Scalars

version: v11


Scalars in graphql

Scalars

The leaf nodes of the graphql type system are called scalars. Once you reach a scalar type you cannot descend down any further into the type hierarchy. A scalar type is meant to represent an indivisible value.

The graphql specification says that all implementations must have the following scalar types.

  • String aka GraphQLString - A UTF‐8 character sequence.
  • Boolean aka GraphQLBoolean - true or false.
  • Int aka GraphQLInt - A signed 32‐bit integer.
  • Float aka GraphQLFloat - A signed double-precision floating-point value.
  • ID aka GraphQLID - A unique identifier which is serialized in the same way as a String; however, defining it as an ID signifies that it is not intended to be human‐readable.

graphql-java adds the following scalar types which are useful in Java based systems

  • Long aka GraphQLLong - a java.lang.Long based scalar
  • Short aka GraphQLShort - a java.lang.Short based scalar
  • Byte aka GraphQLByte - a java.lang.Byte based scalar
  • BigDecimal aka GraphQLBigDecimal - a java.math.BigDecimal based scalar
  • BigInteger aka GraphQLBigInteger - a java.math.BigInteger based scalar

The class graphql.Scalars contains singleton instances of the provided scalar types

Writing your Own Custom Scalars

You can write your own custom scalar implementations. In doing so you take on the responsibility for coercing values at runtime, which we will explain in a moment.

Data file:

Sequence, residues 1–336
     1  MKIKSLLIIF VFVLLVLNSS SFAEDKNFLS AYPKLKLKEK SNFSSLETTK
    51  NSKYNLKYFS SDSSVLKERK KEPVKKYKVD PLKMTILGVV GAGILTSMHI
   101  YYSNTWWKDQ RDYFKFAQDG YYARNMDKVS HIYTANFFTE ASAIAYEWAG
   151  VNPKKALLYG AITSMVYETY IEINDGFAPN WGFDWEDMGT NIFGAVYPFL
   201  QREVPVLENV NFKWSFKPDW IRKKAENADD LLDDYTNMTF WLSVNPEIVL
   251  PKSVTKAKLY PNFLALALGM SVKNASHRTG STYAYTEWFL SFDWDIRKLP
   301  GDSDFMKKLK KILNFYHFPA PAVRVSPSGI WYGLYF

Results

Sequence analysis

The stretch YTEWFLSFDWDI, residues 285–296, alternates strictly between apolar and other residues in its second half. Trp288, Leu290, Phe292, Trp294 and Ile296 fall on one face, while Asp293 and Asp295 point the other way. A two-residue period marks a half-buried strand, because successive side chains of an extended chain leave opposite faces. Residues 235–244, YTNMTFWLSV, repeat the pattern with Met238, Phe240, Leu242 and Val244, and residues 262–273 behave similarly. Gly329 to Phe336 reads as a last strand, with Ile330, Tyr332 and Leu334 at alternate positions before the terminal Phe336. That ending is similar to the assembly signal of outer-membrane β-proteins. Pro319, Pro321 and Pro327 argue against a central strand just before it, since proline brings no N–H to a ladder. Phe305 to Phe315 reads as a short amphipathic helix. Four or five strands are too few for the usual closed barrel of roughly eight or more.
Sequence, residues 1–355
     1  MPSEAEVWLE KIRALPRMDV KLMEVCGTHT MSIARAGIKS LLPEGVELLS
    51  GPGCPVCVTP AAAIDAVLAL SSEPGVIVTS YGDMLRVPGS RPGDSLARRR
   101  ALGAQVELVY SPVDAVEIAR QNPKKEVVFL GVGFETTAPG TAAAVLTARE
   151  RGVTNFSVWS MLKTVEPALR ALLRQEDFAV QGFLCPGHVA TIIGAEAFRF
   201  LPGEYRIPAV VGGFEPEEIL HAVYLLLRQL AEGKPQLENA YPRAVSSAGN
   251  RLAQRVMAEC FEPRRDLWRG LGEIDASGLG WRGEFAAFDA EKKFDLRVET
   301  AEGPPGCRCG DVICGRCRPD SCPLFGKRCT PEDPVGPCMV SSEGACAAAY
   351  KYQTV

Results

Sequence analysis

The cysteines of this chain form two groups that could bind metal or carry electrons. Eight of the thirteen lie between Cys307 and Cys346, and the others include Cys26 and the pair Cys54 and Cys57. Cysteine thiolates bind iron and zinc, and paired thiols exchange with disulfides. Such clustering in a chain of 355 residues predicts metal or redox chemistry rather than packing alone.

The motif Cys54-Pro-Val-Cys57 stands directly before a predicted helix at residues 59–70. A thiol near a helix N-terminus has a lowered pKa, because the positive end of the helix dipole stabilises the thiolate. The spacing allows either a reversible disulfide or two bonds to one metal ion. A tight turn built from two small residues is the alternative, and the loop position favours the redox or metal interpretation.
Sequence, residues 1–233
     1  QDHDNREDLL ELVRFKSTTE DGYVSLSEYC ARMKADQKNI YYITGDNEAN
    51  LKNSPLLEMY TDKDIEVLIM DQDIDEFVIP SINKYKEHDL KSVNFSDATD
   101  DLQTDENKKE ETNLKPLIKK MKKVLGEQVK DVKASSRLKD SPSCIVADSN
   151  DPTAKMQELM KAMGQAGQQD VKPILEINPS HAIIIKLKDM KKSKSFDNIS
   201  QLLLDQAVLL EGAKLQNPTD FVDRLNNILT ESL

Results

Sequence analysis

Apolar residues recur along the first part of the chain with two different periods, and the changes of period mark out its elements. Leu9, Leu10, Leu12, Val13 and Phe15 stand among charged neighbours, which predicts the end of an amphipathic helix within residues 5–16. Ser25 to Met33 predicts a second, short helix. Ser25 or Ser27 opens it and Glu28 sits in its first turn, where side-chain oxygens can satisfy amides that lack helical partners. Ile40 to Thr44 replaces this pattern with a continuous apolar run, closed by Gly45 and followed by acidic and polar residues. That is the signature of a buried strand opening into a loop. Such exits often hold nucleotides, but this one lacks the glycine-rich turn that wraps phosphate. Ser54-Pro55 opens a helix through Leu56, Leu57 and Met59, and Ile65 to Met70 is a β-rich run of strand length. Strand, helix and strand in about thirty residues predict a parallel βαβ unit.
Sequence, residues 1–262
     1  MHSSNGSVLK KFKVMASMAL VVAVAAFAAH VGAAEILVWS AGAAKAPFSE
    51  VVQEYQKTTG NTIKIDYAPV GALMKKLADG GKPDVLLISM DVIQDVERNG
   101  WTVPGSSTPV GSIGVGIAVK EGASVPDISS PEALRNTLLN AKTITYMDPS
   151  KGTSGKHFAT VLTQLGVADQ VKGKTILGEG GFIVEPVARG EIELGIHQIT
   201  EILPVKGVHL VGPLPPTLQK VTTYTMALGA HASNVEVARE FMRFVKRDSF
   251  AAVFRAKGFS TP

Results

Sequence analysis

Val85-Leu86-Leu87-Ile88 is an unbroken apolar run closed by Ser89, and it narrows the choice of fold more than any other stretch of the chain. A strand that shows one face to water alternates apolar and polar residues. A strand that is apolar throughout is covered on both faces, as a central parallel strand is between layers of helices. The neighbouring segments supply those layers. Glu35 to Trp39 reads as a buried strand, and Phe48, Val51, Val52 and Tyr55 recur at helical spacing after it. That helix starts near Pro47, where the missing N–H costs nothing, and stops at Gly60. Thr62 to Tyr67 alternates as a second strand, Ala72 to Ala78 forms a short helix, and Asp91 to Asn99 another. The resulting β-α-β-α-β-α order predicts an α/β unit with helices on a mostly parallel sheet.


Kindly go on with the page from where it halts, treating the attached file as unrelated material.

Imagine we decide we need to have an email scalar type. It will take email addresses as input and output.

We would create a singleton graphql.schema.GraphQLScalarType instance for this like so.

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        public static final GraphQLScalarType EMAIL = new GraphQLScalarType("email", "A custom scalar that handles emails", new Coercing() {
            @Override
            public Object serialize(Object dataFetcherResult) {
                return serializeEmail(dataFetcherResult);
            }

            @Override
            public Object parseValue(Object input) {
                return parseEmailFromVariable(input);
            }

            @Override
            public Object parseLiteral(Object input) {
                return parseEmailFromAstLiteral(input);
            }
        });

Coercing values

The real work in any custom scalar implementation is the graphql.schema.Coercing implementation. This is responsible for 3 functions

  • parseValue - takes a variable input object and converts into the Java runtime representation